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What's Hot
Massive rear space, 3 Series handling, decent equipment list (for a BMW).
What's Not
Plump rear-end styling, high priced options.
Swoopy GT styling with 7 Series legroom in smaller package.
Peter Anderson | Jan, 22 2014 | 3 Comments


Vehicle Style: 5 door hatchback
Price: $71,800 (plus on-roads) | $79,450 (as tested)
Engine/trans: 135kw/380Nm 2.0 litre turbodiesel | 8spd auto
Fuel Economy claimed: 6.2 l/100km | tested: 6.4 l/100km



BMW’s strategies for finding niches-within-niches, were, until a year or two ago, carried most visibly on the ample shoulders and bullish style of the the very out-there X6.

Then came the 5 Series GT. Based on the 5 Series but without its raffish good looks and overall charm, it didn't quite hit the mark.

When the same idea was applied to the smaller 3 Series, we have to admit to raising the eyebrows.

What’s the point, we asked? Why not just get a Touring wagon? So we spent a week in a 3 Series GT to find out.



Quality: BMW interiors may not be the prettiest or always of the best materials (the leather in 1s and 3s is particularly unbending), but you cannot argue with the way they are put together.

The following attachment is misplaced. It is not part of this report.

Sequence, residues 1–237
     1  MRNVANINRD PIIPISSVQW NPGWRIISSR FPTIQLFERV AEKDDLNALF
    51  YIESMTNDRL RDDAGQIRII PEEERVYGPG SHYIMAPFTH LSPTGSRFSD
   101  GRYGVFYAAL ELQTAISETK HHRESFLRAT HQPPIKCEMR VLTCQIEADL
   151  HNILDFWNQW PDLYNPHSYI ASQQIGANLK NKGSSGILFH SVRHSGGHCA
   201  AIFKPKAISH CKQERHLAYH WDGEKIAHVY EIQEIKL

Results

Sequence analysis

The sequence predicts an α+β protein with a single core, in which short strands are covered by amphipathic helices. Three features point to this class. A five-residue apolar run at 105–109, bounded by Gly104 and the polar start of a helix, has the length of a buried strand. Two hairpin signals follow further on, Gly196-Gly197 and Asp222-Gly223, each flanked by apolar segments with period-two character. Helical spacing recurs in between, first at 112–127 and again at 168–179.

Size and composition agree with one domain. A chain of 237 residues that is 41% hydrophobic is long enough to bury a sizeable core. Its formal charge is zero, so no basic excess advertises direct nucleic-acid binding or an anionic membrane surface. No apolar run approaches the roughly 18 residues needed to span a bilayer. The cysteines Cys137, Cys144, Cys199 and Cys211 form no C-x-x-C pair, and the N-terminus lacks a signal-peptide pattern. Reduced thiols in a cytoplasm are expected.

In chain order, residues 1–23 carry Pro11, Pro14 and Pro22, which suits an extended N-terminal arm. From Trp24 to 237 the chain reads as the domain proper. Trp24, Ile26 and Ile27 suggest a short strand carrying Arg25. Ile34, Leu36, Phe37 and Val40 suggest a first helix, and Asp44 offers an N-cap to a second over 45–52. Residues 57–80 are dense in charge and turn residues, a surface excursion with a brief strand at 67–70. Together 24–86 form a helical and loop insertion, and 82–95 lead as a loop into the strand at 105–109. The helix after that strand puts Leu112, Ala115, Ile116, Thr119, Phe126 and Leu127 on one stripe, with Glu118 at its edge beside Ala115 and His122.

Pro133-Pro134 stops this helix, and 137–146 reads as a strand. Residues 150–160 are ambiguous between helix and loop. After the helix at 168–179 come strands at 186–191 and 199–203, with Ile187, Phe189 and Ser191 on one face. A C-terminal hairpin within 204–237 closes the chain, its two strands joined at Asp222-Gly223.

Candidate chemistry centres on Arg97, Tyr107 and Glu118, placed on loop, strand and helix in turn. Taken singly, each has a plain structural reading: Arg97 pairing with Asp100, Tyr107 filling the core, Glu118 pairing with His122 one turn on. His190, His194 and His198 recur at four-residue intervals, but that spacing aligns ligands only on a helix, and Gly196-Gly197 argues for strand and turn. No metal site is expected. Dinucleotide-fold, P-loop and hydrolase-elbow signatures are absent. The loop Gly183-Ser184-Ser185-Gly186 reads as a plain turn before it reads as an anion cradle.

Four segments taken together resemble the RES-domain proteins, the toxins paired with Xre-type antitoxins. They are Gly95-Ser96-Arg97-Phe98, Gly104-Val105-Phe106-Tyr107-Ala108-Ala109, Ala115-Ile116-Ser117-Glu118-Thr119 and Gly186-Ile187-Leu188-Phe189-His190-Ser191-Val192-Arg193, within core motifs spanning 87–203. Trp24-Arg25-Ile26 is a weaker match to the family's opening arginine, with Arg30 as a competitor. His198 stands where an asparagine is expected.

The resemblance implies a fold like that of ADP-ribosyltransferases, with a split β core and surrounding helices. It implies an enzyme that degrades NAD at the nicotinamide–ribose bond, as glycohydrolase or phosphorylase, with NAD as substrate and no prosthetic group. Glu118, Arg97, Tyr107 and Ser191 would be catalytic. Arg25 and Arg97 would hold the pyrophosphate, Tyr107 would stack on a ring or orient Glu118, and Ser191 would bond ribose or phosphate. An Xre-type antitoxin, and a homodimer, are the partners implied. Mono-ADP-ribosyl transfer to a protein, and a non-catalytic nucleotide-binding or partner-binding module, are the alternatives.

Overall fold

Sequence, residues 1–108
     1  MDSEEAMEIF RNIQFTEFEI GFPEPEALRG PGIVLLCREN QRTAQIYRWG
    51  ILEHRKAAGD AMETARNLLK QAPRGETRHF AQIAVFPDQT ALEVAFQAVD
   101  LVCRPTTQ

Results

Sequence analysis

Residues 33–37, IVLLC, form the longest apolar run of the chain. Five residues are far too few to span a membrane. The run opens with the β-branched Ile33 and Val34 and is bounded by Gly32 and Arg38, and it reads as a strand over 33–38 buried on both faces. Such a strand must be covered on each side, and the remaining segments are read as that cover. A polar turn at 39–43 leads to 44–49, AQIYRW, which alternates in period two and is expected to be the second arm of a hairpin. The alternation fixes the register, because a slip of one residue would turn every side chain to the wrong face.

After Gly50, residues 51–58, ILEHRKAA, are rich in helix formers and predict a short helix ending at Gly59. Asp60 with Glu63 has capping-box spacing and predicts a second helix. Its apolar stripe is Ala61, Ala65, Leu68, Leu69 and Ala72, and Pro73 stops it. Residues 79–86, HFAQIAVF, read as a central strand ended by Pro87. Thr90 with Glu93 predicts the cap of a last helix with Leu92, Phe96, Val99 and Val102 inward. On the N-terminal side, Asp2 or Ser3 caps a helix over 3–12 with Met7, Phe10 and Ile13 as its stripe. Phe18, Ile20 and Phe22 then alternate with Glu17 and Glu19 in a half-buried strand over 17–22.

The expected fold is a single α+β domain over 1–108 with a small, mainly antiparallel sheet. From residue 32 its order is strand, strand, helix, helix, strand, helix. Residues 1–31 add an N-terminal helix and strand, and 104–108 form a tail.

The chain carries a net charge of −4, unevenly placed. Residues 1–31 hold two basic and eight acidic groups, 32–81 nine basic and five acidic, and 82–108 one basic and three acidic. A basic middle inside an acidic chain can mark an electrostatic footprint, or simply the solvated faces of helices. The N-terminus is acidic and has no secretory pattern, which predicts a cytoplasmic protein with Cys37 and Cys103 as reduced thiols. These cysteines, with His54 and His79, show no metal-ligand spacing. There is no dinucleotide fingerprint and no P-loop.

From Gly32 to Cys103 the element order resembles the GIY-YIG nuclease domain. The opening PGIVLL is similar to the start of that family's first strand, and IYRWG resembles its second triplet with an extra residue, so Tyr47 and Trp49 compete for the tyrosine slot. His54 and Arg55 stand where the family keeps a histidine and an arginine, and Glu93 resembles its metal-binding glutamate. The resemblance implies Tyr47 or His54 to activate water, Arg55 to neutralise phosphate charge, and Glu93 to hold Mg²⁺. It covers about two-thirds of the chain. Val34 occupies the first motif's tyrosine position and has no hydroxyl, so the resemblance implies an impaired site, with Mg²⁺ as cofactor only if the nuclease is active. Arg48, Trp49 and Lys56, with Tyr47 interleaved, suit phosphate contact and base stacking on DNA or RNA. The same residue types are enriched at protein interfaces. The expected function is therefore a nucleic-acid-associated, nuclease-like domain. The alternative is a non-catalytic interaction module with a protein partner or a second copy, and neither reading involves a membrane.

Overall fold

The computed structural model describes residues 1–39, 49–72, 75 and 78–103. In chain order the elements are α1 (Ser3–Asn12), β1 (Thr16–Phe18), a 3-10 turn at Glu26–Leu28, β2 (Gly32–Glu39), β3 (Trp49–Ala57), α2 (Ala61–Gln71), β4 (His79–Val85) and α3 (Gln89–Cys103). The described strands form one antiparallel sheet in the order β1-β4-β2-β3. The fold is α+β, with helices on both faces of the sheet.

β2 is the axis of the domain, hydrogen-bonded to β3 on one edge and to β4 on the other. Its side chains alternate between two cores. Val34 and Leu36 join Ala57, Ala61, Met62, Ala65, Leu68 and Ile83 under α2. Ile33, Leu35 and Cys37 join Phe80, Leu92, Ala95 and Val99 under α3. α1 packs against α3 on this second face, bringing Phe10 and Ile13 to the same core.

The GT’s interior is lifted straight from the 3 Series sedan and Touring, although the rear seats are slightly differently shaped for a more lounge-like feel.

Comfort: The front seats are electric with memory function and all chairs are trimmed in leather of a particularly hard kind only BMW knows how to get.

The Sport Line picks up different front seats, which are hugely better than the standard seats. They feature electrical adjustment in all directions, including bolsters that can be tightened to hold you in.

Rear-seat accommodation is simply awesome for a car of this size.

Based on the long wheelbase version of the 3 Series sedan sold only in China, legroom for rear passengers is 7 Series-sized.

Headroom isn’t quite as improved over the standard 3 Series, but still very good.

Equipment: Our GT was the Sport Line variant, the no-cost option which changes the look and feel (chiefly by ditching the fake wood on the dashboard, console and doors).

Standard equipment includes dual-zone climate control, 6.5-inch screen, iDrive, bluetooth, leather wheel and shifter, wheel-mounted paddles, sat-nav, cruise control and USB for phones.